Former head of the International Atomic Energy Agency and Nobel laureate Mohammad ElBaradei, who has returned to Egypt from his Vienna home to join the protests, is widely respected by almost everyone involved in the anti-Mubarak movement. He has founded the National Association for Change – a coalition group of the opposition and has developed useful relations with the Muslim Brotherhood. However, ElBaradei represents the minority middle-class anti-regime circles, is inexperienced in politics and does not have enough influence on the ordinary masses. It will therefore not be easy for ElBaradei to rise above more than a transitional figure. Leaders and members of the liberal democratic Wafd party and the moderate socialist party Tagammo have joined the Tahrir Square demonstrations with other opposition groups. But both the parties are weak and do not have much authority over the people. Other opposition groups like the Egyptian Movement for Change or Kefayah (Enough) which comprises Islamists, Marxists, nationalists, liberal and secularists or the leftist April 6 Youth Movement which comprises educated and young Leftists, socialists and pro-labor people were actively involved with organizing and mobilizing demonstrations in Tahrir Square. The April 6 Youth Movement which started as a Facebook page in 2008, has planted the seeds of the revolt by extensively using the cyberspace. Though undervalued by the western media, trade unions and unofficial workers organizations have also played an important role in the anti-Mubarak demonstrations. However, other than the Muslim Brotherhood, no other opposition group stands to benefit from the situation as none of them have much credibility among the workers, men and women, the youth and the poor. They neither have a well-organized political party to influence the course of events after the dust settles. (Source)
The cyberspace revolutionaries
The western media went gaga to spread the myth of a true “Facebook revolution” in Egypt. They have excitedly described the pivotal role of the Internet generation for accelerating the protests through social media sites but have rarely stressed that these powerful tools cannot be an alternate to physical mobilization and mass organization. The cyber revolutionaries of Egypt must be applauded for successfully drawing in thousands of Egyptians and for consolidating their anger against the ruling regime. But any movement that center around the cyberspace is often found to be leaderless and chaotic. Nicholas Thompson in The New Yorker has rightly asked, “…are the charismatic people who are best at leading protests really the people you want to lead your country after the government changes? […] if a government falls, who, then, will run it?” Google executive Wael Ghonim or blogger Amr Salama are world-famous now for their innovative cyber activism. The duo met the army generals recently, discussed on reforms with them and returned convinced by their commitment for democracy. This absolute faith on the army generals seems a bit naive. On the same day, a spokesman for the Supreme Council of the Armed Forces has found criticizing the wave of strikes staged by public sector workers across Egypt for better pay and permanent jobs. The army considers that the strikes, clearly inspired by the mass movement that has toppled Mubarak, will “lead to negative results”. Al Jazeera has reported that the army leaders are reportedly planning to “ban meetings by labor unions or professional syndicates, effectively forbidding strikes.” (Source)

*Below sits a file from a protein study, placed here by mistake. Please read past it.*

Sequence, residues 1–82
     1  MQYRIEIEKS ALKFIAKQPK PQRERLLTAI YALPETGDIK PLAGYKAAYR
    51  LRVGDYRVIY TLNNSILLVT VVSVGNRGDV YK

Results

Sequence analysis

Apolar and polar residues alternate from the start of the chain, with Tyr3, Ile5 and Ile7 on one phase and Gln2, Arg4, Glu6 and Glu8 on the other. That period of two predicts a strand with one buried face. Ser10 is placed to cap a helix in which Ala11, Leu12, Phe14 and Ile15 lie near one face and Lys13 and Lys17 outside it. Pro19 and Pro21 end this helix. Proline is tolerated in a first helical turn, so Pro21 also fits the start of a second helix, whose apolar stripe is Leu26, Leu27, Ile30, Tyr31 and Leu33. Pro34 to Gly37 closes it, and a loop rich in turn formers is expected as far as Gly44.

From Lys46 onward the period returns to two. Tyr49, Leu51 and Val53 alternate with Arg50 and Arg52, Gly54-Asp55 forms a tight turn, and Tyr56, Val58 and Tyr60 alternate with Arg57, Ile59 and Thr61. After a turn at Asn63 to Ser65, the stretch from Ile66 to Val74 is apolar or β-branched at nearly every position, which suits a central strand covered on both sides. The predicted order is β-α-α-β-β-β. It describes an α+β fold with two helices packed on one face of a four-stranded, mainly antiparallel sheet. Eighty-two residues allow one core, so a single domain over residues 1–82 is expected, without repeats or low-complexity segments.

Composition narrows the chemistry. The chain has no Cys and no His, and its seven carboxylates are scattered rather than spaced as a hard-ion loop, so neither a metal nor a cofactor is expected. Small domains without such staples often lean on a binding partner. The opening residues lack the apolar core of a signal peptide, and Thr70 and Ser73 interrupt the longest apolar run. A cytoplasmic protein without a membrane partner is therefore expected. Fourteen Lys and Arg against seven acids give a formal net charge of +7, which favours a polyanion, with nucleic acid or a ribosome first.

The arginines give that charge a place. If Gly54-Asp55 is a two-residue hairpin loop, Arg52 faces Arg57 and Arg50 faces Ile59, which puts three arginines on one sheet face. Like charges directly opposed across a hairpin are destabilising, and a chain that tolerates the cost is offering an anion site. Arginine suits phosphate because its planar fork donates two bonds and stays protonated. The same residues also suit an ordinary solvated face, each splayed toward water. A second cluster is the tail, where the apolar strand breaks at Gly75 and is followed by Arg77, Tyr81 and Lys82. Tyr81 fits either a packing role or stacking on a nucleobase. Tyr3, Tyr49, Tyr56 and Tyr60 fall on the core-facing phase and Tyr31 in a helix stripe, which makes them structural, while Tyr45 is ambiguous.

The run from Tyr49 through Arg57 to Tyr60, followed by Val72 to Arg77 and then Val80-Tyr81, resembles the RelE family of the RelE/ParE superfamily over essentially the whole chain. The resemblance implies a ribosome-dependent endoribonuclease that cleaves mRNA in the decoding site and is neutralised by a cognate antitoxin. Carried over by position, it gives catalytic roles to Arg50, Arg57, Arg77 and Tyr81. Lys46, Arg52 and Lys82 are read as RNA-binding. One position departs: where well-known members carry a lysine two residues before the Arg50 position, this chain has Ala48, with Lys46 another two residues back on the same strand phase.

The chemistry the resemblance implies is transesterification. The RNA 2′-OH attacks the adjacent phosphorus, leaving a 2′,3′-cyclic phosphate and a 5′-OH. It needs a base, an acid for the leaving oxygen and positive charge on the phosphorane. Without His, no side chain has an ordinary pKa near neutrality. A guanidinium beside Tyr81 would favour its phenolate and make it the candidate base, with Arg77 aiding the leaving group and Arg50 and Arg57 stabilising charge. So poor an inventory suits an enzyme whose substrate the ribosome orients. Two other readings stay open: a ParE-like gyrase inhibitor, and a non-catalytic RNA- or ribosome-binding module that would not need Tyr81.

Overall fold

Cyber activism alone is incapable of giving the necessary organized expression to a movement which a well-organized political party can. Neither can it sustain the revolutionary spirit of the masses under brutal state repression. Without underestimating the role of the cyber revolutionaries who have ignited the movement in Egypt, can we respectfully ask them, what if the armed soldiers, instead of putting flower in their gun barrel, had trained their deadly weapons and start firing bullets at the people? Will the anti-Mubarak demonstrations still have continued to expand through cyberspace or slipped out of their hands? In Moammar Gaddafi's Libya, the armed forces have reacted differently. The anti-government demonstrations have been harshly suppressed with a combination of armed militias and elite forces. It is the ordinary people on the streets who are courageously resisting the fierce state crackdown in Libya, Bahrain and elsewhere in the Middle East. Without the protection of a mass movement cyber activism is powerless.
Moustafa El-Gendy, former independent member of Egypt's parliament and part of the opposition Wafd Party has emphatically said in a recent interview with The New Yorker: “The people in Egypt love the Army. Of course, we understand that we cannot go to the Army and say, ‘Okay, now you go away.’… No, we don't want this. We want the Army to protect the constitution that we will write all together. […] the real power is the Army.” The weak opposition political parties are unable to take the risk to openly criticize the army because, as Professor Springborg has observed, “such criticism would not strike a chord with most Egyptians.” Instead, it seems to be a more practical way out for them to “strike a deal with the military to retain some power”. Professor Springborg has further pointed out that, “…under the Egyptian constitution, neither the legislature nor civil society can exert any meaningful control over the military”. Due to the information embargo that has been successfully imposed in the country for a long time, civil society “has no access to relevant information about the armed forces.” This is what every democracy seeking Egyptians should be alarmed about. The army cannot be a solution to the Egypt crisis.
Revolution is a sweet little word. Genuine revolution comes only after smashing the existing state power, not by toppling the head of a regime. The almost “Gandhian” revolution in Egypt therefore cannot make us too excited, though we wish to remain optimistic. Cosmetic reforms will bring no real change if the basic structure of power and repressive state apparatus remains intact. When the euphoria settles down, Egypt will have to counter the uphill task to define and shape its future. There are difficult days ahead for this beautiful country.